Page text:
According to ESPN.com, Ryan presented his team with a calendar last week before the Jets’ 24-14 victory over the Cincinnati Bengals on Saturday. The calendar went beyond a simple practice schedule; it included the AFC Championship, the Super Bowl in Miami, and to cap it off, a victory parade.
"I wanted to paint a picture, to make sure they were aware of what's in front of us, that we've been preparing for this," Ryan told the New York Post. "Our preparation all season was to get to where we are right now. Let's take advantage of it.”
Ryan has become known for his bravado and his overwhelming confidence in his team throughout his rookie season as head coach.
He also hasn’t been afraid to show his emotions. Ryan broke down in tears following a 10-7 loss to the Atlanta Falcons on Dec. 20, assuming the Jets were eliminated from the playoff picture.
It could be debated whether Ryan actually knew at that moment that his team had a puncher’s chance to sneak in with a wild-card berth, but his team won its final two games and got some help to earn the right to face the Bengals.
Critics say the Jets backed into the playoffs as beneficiaries of an Indianapolis Colts team that rested many of its starters in Week 16 and a Week 17 Bengals team that already was preparing for a playoff rematch.
Ryan scoffs at the notion that the Jets don’t belong in the NFL's postseason tournament.
Even though rookie quarterback Mark Sanchez threw 20 interceptions this season, Ryan entered the playoffs claiming the Jets should be favorites. While his claim drew both shock and laughter from pundits, the coach held strong to his belief.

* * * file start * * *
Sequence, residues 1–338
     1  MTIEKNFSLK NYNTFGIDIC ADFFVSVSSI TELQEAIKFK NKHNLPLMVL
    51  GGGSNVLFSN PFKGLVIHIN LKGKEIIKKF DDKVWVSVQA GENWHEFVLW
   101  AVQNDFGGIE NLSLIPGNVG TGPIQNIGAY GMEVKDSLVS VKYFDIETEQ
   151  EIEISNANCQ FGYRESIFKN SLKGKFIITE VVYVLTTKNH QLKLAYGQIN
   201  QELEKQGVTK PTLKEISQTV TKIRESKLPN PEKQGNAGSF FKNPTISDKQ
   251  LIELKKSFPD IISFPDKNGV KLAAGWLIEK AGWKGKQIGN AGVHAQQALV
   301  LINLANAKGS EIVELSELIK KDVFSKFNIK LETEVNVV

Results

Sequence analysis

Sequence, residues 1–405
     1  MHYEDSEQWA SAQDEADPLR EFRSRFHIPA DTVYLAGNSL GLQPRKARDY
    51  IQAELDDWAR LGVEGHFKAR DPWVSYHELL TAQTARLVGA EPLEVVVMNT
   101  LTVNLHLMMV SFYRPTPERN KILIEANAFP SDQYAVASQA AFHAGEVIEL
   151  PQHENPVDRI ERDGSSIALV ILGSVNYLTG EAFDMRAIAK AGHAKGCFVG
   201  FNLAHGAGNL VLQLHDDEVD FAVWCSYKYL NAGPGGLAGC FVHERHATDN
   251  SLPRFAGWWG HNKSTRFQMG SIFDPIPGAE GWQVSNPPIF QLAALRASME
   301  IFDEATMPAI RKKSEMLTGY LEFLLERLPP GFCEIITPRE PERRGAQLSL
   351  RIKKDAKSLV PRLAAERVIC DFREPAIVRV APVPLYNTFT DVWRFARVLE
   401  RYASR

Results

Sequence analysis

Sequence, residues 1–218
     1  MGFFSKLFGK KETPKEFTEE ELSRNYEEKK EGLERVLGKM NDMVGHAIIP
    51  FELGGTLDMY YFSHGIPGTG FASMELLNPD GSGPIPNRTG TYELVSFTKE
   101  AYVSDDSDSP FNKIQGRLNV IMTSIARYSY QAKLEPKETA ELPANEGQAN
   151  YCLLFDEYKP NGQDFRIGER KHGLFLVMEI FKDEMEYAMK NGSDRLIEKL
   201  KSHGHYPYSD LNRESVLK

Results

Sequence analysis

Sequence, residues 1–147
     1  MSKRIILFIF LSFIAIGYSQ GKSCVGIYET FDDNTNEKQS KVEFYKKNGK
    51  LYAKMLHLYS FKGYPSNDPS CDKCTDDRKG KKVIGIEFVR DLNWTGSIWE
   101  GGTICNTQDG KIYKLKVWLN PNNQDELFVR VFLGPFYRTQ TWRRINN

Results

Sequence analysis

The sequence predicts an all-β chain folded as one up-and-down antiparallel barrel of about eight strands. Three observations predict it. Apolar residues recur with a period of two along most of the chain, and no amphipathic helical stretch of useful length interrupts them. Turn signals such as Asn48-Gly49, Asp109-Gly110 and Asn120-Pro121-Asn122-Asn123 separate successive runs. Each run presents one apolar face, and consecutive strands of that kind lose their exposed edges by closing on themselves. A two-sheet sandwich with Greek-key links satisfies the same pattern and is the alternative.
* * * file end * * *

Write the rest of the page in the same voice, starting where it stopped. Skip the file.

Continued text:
"When you lay it out in front of them, I think they can visualize it and realize that 'Hey, man, if we take care of business, play the way we know we're capable, we can get this done,'" Ryan said.
You can’t put anything past the divisive Ryan, not even crying on cue. He has relied on motivational gimmicks all year. From a recorded message for Jets’ season-ticket holders prior to their Week 2 game against the rival Patriots to his postseason calendar, Ryan has been a coach that Jets fans love and everyone else loves to hate. He may need to pull a few more rabbits out of his hat to make his Super Bowl dream a reality, but he won’t find any doubters in the Jets’ locker room.
"We're not afraid," said safety Jim Leonhard. "Why act like the Super Bowl isn't there? Why make it the big elephant in the room? That's our goal. We want to win it."
Vegas odds have the Jets at 14-1 to win the Super Bowl (an improvement from the 50-1 odds that drew the ire of Ryan before the game in Cincinnati) — tied with the Arizona Cardinals for the biggest long shot left in the playoffs. The Jets may not be favorites like their coach feels they should be, but if they find themselves lifting the Lombardi Trophy in Miami on Feb. 7, they’ll know that every meeting, practice and parade was on the schedule way ahead of time.